Relocating from the US to Amsterdam - an interview with Michelle Kane

In November 2017 Michelle Kane relocated from the US to Amsterdam. She had been working as a Senior Associate with PwC in Atlanta, focussing on M&A tax. She is now an International Tax Consultant with Deloitte Amsterdam, primarily looking after US clients.

In the interview below Dean Dugas, Head of International Tax at Pro Tax Recruitment, talks to Michelle about how she has found her first few months in Amsterdam.

What’s the salary to cost of living ratio like ? 

The cost of living is higher in the Netherlands when it comes to housing and eating out. However, transportation is a lot cheaper (since I bike everywhere - and a free workout!). Groceries are also a lot cheaper and fresher than they are in the US and healthcare is more affordable here.

How's the quality of life?

My quality of life has exponentially increased. Though the weather can be a downer in the Netherlands, there is never a dull night. My co-workers are constantly planning team events (water polo matches, happy hours, and dinner plans), and the expat community in Amsterdam is huge. I also leave my laptop at the office most nights, which is a huge change from my previous role in the US.

How easy is it to make friends?

Really easy to make a volume of friends, but it takes a while to find the right connection. I am currently involved with two wine nights, each with approximately 25 females. My office also has a large expat community where we get together for dinner once every few weeks. There is also a range of friends here, from couples who like to go to expensive wine bars, to friends who like to stay up until 4 am at Karaoke bars. There is really a mixed bag of expats, which I was not expecting.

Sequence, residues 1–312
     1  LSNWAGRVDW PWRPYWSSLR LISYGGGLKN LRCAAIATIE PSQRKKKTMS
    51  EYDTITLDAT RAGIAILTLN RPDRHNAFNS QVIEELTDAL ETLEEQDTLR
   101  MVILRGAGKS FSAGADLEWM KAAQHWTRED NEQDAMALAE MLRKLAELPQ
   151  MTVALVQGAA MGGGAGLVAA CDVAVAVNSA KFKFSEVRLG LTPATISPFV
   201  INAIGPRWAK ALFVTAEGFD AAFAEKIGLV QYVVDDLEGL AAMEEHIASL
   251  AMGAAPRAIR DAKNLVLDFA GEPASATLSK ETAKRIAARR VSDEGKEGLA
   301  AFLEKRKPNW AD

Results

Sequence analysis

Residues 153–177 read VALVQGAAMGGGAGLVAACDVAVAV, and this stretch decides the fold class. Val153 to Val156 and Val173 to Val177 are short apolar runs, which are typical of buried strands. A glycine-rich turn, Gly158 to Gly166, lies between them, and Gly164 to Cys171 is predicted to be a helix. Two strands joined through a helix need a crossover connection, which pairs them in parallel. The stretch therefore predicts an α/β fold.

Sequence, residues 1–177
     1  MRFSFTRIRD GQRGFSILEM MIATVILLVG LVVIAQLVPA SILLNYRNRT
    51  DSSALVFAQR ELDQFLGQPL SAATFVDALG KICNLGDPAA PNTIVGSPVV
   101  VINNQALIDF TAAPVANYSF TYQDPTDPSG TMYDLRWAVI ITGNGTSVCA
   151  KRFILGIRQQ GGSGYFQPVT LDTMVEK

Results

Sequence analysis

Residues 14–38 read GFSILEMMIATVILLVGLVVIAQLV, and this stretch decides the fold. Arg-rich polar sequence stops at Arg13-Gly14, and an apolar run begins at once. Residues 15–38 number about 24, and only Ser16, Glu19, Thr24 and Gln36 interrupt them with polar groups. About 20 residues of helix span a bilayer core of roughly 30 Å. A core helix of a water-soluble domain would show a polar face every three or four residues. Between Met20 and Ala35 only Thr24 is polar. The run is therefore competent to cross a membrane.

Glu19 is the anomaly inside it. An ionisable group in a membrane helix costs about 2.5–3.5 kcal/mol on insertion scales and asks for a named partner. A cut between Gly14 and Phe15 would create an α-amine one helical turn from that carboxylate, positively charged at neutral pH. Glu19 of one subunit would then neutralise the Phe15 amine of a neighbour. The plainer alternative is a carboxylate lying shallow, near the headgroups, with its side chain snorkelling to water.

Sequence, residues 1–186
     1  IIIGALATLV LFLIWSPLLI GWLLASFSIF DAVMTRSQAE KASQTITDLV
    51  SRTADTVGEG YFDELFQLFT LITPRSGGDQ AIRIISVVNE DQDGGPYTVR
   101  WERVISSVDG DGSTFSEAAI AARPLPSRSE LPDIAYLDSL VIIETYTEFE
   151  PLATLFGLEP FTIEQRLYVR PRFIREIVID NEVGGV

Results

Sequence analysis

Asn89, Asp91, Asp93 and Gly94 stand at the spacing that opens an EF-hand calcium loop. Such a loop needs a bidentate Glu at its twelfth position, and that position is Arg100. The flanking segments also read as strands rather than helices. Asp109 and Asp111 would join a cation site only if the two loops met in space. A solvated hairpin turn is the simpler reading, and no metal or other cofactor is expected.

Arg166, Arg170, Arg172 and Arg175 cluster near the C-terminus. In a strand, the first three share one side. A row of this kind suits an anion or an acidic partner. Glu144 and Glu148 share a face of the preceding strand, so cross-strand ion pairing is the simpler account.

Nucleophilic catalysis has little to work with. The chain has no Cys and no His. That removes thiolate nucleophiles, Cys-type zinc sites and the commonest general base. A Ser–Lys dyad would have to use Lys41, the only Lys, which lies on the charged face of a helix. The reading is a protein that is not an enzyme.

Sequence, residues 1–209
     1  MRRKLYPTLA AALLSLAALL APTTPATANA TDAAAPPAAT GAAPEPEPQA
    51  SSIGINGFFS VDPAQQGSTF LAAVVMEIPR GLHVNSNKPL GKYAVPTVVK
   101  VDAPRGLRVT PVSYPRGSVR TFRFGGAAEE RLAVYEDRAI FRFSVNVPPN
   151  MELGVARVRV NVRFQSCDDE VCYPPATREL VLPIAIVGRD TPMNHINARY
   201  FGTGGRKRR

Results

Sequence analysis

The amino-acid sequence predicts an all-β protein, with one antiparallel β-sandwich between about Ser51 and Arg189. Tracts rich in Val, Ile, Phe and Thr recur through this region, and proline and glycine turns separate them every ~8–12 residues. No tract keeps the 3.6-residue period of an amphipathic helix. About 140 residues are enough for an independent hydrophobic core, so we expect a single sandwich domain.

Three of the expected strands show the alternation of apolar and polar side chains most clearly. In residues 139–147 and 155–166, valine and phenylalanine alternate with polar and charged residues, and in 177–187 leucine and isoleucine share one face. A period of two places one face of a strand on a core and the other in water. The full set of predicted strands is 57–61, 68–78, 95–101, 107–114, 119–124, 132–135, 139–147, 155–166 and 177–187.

Are the local amenities of a good quality?  

There are gyms all over the city, although I bike a lot so the gym is not necessary. The gym I go to usually costs 100 euro, but I got a discount at work for 50 Euro a month and it includes a spa. There are gyms that are only 20 euro a month as well.

I have a love/hate relationship with the transportation. There are horses, trams, buses, trains, biking, walking, scooters, motorcycles, and other crazy devices used to get around the city, which makes biking scary at times.  If I’m not feeling like biking, I can easily take a tram to get anywhere. All public transportation is extremely clean.

Whats the quality and cost of housing like? 

Rent costs from 700 Euro to 1,000 Euro for a decent apartment. The Quality varies depending on your location. Expect small kitchens and Ikea furniture.


How's the weather and overall climate? 

Climate is bad (I’m from Florida originally) – but you buy rain gear and bond over how bad the weather is. In the summer I hear it is great in Amsterdam, as it doesn’t get dark until 11pm.


How easy is it fitting in ?

I have not met one person who does not speak English. Not one. There is a greater sense of work/ life balance and taking vacations. The Dutch are also very direct, but they are this way with everyone.


Are there any challenges in setting up a bank account, phone, renting a place etc? 

I had a third party help with all of the above. Setting up a bank account seemed easy and renting a phone is also easy (same as in the US). Finding a place is difficult if you are picky on the specific area you would like to live.

What are the most difficult things to get used to coming from the United States? 

The hardest thing has been to adjust to so many changes at once. A new job, making friends, no car, learning new restaurants. It can be overwhelming but you also learn something new every day. It is very exciting and challenging at the same time. 

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